When a politician or a journalist talks about an “exit strategy” from Iraq, there is only one appropriate response: Roll your eyes and leave the room.
Imagine some senator or reporter during World War II asking Roosevelt and Churchill to define their “exit strategy” from Europe and the Pacific. They probably would not have dignified the question with an answer. Or, if they had, they might have said: “We have a strategy for victory. The alternative would be a strategy for defeat. Do we look like defeatists to you?”
Indeed, the leaders of the Anglo-American alliance made no attempt to find a formula that would bring troops home early at the price of, say, leaving Hitler in command of just a few central European countries.
On the contrary, the price that Germany and Japan paid for having become America's enemies was that they had to choose between “unconditional surrender” and catastrophic destruction.
But a few years later, we did accept a substitute for victory in the Korean War. The consequence: More than half a century later we are menaced by a second generation despot in Pyongyang, heading a regime that has been building nuclear weapons and exporting nuclear technology to those who despise us.
In Vietnam, we also had an exit strategy – the image that comes to mind is of helicopters frantically evacuating Americans from the roof of our besieged embassy in Saigon. After we left, millions of Vietnamese exited, too -- using not helicopters but ramshackle boats. An unknown number perished in shark-infested seas.
The Cold War – World War III – we won, despite that fact that much of the Washington foreign policy Establishment wanted to back away from any serious confrontation with Communism. But others – Sen. Henry “Scoop” Jackson and President Reagan, for example – preferred to push until the Soviet Union fell.
In Iraq today, America and its allies are fighting two enemies. The first are the remnants of Saddam Hussein's Ba'athist regime, those who were neither “shocked” nor “awed” by the invasion of 2003. It is clear that we erred by permitting them to flee and reorganize, apparently utilizing neighboring Syria, another Ba'athist regime, as a safe haven.
If, thanks to a premature exit, these butchers (of Iraqis, Iranians, Kuwaitis, Israelis and Americans), were to return to power in Baghdad, it would be a significant defeat for the U.S. and for the Free World.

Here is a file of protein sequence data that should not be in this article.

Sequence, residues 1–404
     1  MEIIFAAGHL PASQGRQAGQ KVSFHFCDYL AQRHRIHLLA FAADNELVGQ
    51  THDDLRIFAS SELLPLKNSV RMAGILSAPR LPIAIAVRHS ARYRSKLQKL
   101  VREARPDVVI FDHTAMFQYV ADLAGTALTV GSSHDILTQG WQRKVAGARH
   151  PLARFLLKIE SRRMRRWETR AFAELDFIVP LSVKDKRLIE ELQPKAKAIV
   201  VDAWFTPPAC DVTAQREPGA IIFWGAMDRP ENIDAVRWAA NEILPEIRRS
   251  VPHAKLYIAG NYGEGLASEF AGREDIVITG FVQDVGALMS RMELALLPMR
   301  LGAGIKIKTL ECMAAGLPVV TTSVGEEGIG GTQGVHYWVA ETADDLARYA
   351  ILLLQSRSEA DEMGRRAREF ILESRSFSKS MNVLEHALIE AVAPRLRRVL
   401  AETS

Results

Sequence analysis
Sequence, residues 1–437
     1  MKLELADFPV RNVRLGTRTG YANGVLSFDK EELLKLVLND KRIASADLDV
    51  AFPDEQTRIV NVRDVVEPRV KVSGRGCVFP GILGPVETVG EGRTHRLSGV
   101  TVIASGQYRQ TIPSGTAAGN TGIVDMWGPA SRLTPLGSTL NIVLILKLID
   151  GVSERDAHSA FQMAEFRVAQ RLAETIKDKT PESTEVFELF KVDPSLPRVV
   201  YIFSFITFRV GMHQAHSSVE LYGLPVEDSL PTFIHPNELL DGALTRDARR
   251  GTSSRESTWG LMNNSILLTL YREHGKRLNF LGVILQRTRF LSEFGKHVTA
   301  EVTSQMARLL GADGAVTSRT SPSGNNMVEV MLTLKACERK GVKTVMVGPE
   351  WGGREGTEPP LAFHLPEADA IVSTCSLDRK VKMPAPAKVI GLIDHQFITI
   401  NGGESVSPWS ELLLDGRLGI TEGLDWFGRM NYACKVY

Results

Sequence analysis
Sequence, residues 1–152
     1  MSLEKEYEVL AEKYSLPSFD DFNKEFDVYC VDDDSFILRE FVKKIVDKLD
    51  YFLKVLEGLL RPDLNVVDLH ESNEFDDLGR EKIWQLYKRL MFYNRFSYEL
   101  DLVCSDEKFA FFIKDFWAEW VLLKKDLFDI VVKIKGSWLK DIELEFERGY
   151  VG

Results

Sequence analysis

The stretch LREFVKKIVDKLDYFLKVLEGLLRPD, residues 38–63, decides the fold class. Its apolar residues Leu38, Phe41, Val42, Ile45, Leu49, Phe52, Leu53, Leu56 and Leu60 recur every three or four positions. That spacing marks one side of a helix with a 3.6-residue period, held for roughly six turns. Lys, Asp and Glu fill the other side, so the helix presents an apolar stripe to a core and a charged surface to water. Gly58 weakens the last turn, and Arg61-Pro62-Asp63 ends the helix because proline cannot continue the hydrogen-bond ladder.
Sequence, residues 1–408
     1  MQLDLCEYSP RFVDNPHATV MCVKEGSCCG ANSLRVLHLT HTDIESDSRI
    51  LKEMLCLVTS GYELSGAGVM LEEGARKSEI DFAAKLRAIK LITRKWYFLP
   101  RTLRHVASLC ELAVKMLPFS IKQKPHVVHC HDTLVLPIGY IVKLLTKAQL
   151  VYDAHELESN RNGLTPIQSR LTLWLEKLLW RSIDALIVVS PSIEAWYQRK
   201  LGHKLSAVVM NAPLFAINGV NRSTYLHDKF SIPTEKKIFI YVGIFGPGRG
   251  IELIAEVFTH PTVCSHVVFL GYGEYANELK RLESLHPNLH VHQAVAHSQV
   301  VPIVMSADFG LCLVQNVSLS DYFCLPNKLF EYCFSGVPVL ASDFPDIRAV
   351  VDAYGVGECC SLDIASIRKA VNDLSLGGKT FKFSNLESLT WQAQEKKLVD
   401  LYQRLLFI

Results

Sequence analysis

We also are fighting the forces of Abu Musab al Zarqawi, designated by Osama bin Laden as the top al Qaeda general in Iraq. Were Americans to depart Iraq while Zarqawi remained, it would represent nothing short of our Waterloo in the War on Terrorism.
All this seems fairly self-evident, yet it is not just Senator Ted Kennedy, film-maker Michael Moore and other “blame-America-firsters” who are demanding an exit strategy. A Lexis/Nexis search finds the term used more than a thousand times in the last month alone.
Is it possible -- despite everything that has happened – that there are still those who are not convinced that America must fight those who have declared war on America and who have attacked America repeatedly and viciously?
Richard Clarke, the former White House terrorism advisor to Presidents Bill Clinton and George W. Bush, has just inaugurated a column for The New York Times Magazine. In his first contribution, Clarke argues that the Bush policy of “more democracy won't mean less terrorism.” And he's right – if promoting democracy is all there is to the policy. But coupled with a serious effort to undermine terrorist-sponsoring regimes, humble terrorist masters and kill or capture individual terrorists there is at least a chance for success.
Regarding the necessity for such warfare, Clarke has nothing to say in this column – except, oh yes, he does note that, “for many in the Islamic world, the United States is still associated with such acts as having made the 250,000 person city of Fallujah uninhabitable.”
You read that right. Clarke has not an unkind word to say for the terrorists who seized Fallujah, set up torture chambers and summarily executed those who might oppose them. No, to Clarke, the mistake was that American troops fought the terrorists in Fallujah, thus causing what Clarke calls “enormous resentment.”
In the 20th Century, the United States won its wars against European and Asian fascism – partly because there was no exit strategy. In fact, decades later, American troops remain both in Europe and in Asia. If America is to win the 21st century war against Islamist fascism, armed forces may need to remain in Iraq, Afghanistan and other places. For how long? I think Roosevelt and Churchill would say: “For the duration.” Or, as Churchill did indeed say: “No compromise with the main purpose, no peace till victory, no pact with unrepentant wrong.”
If you agree, the next time anyone talks about an “exit strategy,” head for the exit.